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The Secret in Their Eyes by Eduardo Sacheri (thoughts)

November 24, 2011


Argentina’s one of those countries that I very much want to visit but somehow don’t read much about, so when I saw The Secret in Their Eyes by Eduardo Sacheri on Netgalley, I decided to request it. It’s a thriller set in the 1970s, which means Argentina’s Dirty War forms its backdrop. As an international relations nerd, I was curious to see how the politics interacted with the main storyline, which is a plot that begins with the (in my view, rather tired) device of a beautiful young woman found raped and murdered.

The novel is divided into two storylines, actually, which allows Sacheri to increase the suspense. The first follows Chaparro, a detective who has just retired and finds himself at a loss as to how to spend his days. Then, he decides to write a book about a case that still haunts him: this becomes the second storyline, with the victim I already mentioned. The two parts are written in a completely different style; one of the styles really appealed to me while the other drove me insane. Obviously, Sacheri chose it for a reason, but I’m not sure what. Fortunately, the narratives switch back and forth often enough that I never gave up on it!

Over all, I found myself turning the pages almost against my will…I could probably give you a list of cliches all to be found within the pages, but somehow it still worked. This is one of the books I end up rating as three stars because “some aspects were marvelous but others were awful,” so they kind of balance each other out. ;) I’d definitely recommend this to a certain type of reader. It’s got a bit of a noir feel to it, and I think those who enjoy thrillers or slightly grittier crime novels will have fun here. Also, readers who prioritise plot over characters or writing style will definitely enjoy it: Sacheri knows how to keep things interesting. That being said, while it worked for the mood I was in when I read it, I can’t see myself seeking out more of his books in the future. I like the modern fiction I read to be a bit more inventive or playful or challenging in its plotting or characterisations or themes, and I prefer a more lush prose style. Of course, as a genre reader, I am always excited to see international genre books, so I’m glad I gave this a try! (And I will be seeking out the award-winning movie adaptation: I think the more detailed sense of place a film automatically provides would strengthen the whole story for me.)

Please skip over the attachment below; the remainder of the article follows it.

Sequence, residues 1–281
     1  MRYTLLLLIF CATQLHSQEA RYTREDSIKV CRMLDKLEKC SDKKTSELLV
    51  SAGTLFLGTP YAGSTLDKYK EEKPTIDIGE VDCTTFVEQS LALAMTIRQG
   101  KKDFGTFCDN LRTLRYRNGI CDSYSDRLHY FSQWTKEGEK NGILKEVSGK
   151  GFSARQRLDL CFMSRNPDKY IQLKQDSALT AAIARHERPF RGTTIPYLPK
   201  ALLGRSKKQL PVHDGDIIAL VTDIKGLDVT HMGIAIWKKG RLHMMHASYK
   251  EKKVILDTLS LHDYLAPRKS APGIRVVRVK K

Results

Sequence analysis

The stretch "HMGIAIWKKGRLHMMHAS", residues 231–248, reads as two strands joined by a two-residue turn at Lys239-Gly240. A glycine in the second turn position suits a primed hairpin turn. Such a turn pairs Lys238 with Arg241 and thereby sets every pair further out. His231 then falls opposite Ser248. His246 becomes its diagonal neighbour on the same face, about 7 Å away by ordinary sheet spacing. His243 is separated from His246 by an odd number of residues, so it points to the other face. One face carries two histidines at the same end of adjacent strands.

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8 Comments leave one →
  1. November 24, 2011 8:33 am

    Oh interesting. I got a copy of this at BEA but haven’t gotten around to reading it. I’m holding onto it for an international crime month Jenny and I are doing in January, but I’ll keep my expectations in check.

    • December 15, 2011 11:51 pm

      I’ll be curious to see your thoughts! And excited to hear about your Jan plans!

  2. Ruthiella permalink
    November 24, 2011 6:05 pm

    Hi Eva. First let me say your review directory is the best! When you mentioned enjoying fiction that is “inventive or playful or challenging in its plotting or characterizations or themes”, I thought of Scarlett Thomas. I have only read “Pop Co”, but have both “Our Tragic Universe” and “The End of Mr. Yi” on my TBR. She is white and British, so she doesn’t quite fit in your efforts to read more widely in that respect, but her books are very inventive and challenging. Just a suggestion!

    • December 15, 2011 11:51 pm

      Thanks Ruthiella, for your compliment and recommendation! I definitely still read a lot of white British and American authors, many of whom end up as favourites, so I’ve added her to my wish list. :)

  3. Caroline permalink
    November 25, 2011 4:12 pm

    Hi Eva! I haven’t commented here in a long while (sorry), so I feel a bit bad being negative, but I felt sort of the same way about the film as you did about the book. I’m afraid after about half an hour I switched off the DVD, as it all seemed a bit predictable, and I couldn’t really see why it had won so many awards. But maybe it gets better?? (Or maybe I was in the wrong mood for it? But then, I don’t usually enjoy gritty crime thrillers.) I hope you enjoy it, anyway – I don’t mean to put you off!
    I second Ruthiella’s suggestion of Scarlett Thomas. ‘Our Tragic Universe’ is my favourite of hers.

    • December 15, 2011 11:52 pm

      No worries about feeling negative Caroline! I might end up turning off the movie too. :)

  4. November 28, 2011 9:27 am

    Hmmmmm as a lover of ‘lush prose’ myself I might give this one a miss, I think!

  5. November 28, 2011 10:48 am

    Too bad you didn’t love this one more, I’ve not read much from Argentina either though I think this one isn’t quite for me.

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